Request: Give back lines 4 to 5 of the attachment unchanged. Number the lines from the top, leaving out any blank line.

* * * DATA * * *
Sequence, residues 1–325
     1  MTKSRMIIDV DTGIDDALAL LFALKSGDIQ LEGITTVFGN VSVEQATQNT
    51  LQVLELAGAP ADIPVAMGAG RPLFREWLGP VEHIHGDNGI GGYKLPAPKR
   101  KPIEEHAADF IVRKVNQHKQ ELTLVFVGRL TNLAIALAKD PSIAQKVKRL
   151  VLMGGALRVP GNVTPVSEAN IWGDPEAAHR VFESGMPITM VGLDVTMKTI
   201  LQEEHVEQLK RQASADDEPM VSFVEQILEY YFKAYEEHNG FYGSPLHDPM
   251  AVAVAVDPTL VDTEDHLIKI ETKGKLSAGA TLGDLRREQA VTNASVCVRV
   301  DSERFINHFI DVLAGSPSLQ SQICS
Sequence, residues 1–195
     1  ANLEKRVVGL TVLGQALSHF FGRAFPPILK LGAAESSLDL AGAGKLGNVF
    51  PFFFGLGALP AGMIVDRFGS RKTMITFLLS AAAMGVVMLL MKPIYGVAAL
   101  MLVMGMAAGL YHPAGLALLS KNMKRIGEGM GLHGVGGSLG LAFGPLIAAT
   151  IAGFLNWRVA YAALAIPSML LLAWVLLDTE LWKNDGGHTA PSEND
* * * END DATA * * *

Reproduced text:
   101  KPIEEHAADF IVRKVNQHKQ ELTLVFVGRL TNLAIALAKD PSIAQKVKRL
   151  VLMGGALRVP GNVTPVSEAN IWGDPEAAHR VFESGMPITM VGLDVTMKTI